Forecast: Snow changing to ice pellets then developing to rain later in the afternoon.
In other words, gross. This morning at dawn already there were a couple of inches of snow accumulated, and it was eerily dark in the greenhouse, but also very warm, with the blanket of snow.
To my horror, only one guinea was walking around. What the? I started closing up the drafty holes in the wall for the chickens to access their yard. I could see by the snow that there were no footprints using them. Last night I’d remembered that I hadn’t shut these hatches – it’s a new close-up task – but the guineas wouldn’t go outside so no biggie. Where were they, though? I looked for bodies, fearing a massacre. None.
I looked outside. There they were, huddled two feet from the open door, standing in two inches of snow. Outside in their bare feet! I waved my arms at them from the other side of the fence. They stared at me morosely, snow accumulating on their backs and tiny heads (emergencies aren’t time to get the camera).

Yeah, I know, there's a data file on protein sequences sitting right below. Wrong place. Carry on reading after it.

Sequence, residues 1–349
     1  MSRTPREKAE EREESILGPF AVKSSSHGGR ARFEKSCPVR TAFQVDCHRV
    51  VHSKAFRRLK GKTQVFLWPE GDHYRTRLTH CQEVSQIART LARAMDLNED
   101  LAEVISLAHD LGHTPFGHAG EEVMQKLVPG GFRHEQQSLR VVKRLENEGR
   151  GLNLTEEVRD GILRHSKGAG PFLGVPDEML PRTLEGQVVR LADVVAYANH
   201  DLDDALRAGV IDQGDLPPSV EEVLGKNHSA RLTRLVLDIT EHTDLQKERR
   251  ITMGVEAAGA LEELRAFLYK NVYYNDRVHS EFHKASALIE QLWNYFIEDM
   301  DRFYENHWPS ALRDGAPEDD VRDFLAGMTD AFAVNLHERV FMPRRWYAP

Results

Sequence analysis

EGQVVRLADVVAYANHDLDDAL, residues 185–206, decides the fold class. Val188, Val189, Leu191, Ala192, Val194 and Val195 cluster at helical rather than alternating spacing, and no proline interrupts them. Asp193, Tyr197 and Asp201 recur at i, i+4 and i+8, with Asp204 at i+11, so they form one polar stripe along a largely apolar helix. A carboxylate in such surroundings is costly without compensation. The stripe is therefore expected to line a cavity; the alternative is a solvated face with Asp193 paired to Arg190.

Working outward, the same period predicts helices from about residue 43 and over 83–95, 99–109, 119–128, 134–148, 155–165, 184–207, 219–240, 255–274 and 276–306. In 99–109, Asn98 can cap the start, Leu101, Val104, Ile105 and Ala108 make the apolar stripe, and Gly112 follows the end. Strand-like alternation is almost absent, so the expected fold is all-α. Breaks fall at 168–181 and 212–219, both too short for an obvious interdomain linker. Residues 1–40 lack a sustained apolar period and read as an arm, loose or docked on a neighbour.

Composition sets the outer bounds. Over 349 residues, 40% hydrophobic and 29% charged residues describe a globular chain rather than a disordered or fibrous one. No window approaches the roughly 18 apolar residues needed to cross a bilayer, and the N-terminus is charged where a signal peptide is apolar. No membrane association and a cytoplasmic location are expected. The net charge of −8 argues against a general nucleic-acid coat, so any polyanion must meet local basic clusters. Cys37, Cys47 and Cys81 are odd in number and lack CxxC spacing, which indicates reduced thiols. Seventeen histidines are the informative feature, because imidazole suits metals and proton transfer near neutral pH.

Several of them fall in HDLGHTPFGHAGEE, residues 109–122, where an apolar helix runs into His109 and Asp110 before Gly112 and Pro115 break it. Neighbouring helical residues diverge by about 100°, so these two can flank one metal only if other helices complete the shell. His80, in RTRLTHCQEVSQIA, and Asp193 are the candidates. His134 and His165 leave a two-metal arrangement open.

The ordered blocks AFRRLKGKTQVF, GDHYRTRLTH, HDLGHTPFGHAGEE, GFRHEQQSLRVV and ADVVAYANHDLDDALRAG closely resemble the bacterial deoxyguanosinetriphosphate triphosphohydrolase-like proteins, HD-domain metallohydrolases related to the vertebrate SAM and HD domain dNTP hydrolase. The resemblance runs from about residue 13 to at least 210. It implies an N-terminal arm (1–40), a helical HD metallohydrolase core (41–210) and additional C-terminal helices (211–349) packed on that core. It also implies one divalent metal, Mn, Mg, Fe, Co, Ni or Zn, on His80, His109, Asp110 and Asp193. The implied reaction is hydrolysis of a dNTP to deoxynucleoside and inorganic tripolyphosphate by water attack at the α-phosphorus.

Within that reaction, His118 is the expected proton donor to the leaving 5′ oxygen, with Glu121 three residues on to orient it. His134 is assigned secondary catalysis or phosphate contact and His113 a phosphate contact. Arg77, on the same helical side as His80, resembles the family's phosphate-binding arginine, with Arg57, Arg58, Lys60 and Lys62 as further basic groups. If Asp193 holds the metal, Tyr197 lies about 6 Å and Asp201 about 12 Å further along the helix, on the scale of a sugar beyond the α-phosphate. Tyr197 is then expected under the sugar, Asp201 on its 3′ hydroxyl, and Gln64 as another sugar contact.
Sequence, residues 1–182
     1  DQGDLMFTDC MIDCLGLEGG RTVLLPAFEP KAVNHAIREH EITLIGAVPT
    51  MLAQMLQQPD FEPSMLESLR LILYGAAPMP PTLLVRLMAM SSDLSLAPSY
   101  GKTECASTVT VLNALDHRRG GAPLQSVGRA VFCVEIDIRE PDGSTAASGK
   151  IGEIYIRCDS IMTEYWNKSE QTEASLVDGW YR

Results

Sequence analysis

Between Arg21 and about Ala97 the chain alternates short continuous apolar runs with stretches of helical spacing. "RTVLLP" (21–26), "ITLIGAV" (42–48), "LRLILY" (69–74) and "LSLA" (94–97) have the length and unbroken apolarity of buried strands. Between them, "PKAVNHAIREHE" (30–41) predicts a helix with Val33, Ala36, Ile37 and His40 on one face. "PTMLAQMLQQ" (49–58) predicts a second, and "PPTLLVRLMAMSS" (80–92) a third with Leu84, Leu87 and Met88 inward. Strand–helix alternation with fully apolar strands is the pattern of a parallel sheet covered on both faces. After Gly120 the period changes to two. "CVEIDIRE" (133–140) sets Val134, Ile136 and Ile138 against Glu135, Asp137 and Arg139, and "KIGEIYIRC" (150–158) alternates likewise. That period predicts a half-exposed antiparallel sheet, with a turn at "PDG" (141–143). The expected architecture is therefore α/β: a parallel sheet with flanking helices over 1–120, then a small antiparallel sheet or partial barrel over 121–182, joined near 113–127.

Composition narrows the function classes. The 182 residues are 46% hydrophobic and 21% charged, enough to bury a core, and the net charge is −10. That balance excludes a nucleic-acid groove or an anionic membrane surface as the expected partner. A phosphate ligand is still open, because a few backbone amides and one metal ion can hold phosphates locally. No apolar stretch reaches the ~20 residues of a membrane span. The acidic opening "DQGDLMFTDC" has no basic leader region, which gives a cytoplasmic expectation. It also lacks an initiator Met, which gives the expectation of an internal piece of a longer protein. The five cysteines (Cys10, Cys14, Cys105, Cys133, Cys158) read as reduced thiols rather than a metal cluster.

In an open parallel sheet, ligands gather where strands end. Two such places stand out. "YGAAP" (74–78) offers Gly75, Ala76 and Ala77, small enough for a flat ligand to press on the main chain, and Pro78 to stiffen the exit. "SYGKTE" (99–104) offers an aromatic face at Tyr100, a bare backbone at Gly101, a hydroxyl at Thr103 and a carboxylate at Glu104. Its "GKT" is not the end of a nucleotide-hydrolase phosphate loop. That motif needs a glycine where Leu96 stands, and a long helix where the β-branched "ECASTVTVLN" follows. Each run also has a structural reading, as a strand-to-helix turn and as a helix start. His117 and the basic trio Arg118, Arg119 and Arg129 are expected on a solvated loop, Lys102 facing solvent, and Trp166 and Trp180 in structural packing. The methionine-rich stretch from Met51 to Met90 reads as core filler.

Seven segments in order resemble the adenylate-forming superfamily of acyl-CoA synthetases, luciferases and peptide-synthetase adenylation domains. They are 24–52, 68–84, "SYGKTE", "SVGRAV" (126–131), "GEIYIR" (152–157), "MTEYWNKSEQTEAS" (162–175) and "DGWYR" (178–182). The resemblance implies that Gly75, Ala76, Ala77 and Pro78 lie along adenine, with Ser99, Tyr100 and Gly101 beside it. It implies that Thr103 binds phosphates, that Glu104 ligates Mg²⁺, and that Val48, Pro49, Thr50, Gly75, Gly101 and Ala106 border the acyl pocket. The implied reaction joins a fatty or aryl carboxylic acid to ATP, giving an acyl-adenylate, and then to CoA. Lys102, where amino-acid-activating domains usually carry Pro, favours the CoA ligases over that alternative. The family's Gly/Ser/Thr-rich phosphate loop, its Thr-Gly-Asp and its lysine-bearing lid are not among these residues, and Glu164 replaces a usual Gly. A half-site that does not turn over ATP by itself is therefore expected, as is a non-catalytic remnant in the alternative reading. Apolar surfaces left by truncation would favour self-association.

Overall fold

I had to squeeze through the fence, approach them – almost touching them before they moved – and shoo them through the hole in the wall. Oh, there’s the door.
Oh no. Still one missing. I looked around the yard, saw nothing, and went inside to feed the chilly beaks. Still one missing. I feared it was a frozen lump frozen to the ground somewhere. I shut the doors. Then, flapping beating against the wall of the GH, on the outside. Alive!
Happily, I warmed both food and water this morning. It was warm in the GH, above freezing, but I felt cold with the snowy mess outside, so the birds got warm breakfast (I’m cold, put on a sweater). I hope the guineas all make it. They don’t do well with cold, and can drop dead after getting chilled, or almost any reason.Grosbeaks, doves, and blue jays are all here gobbling.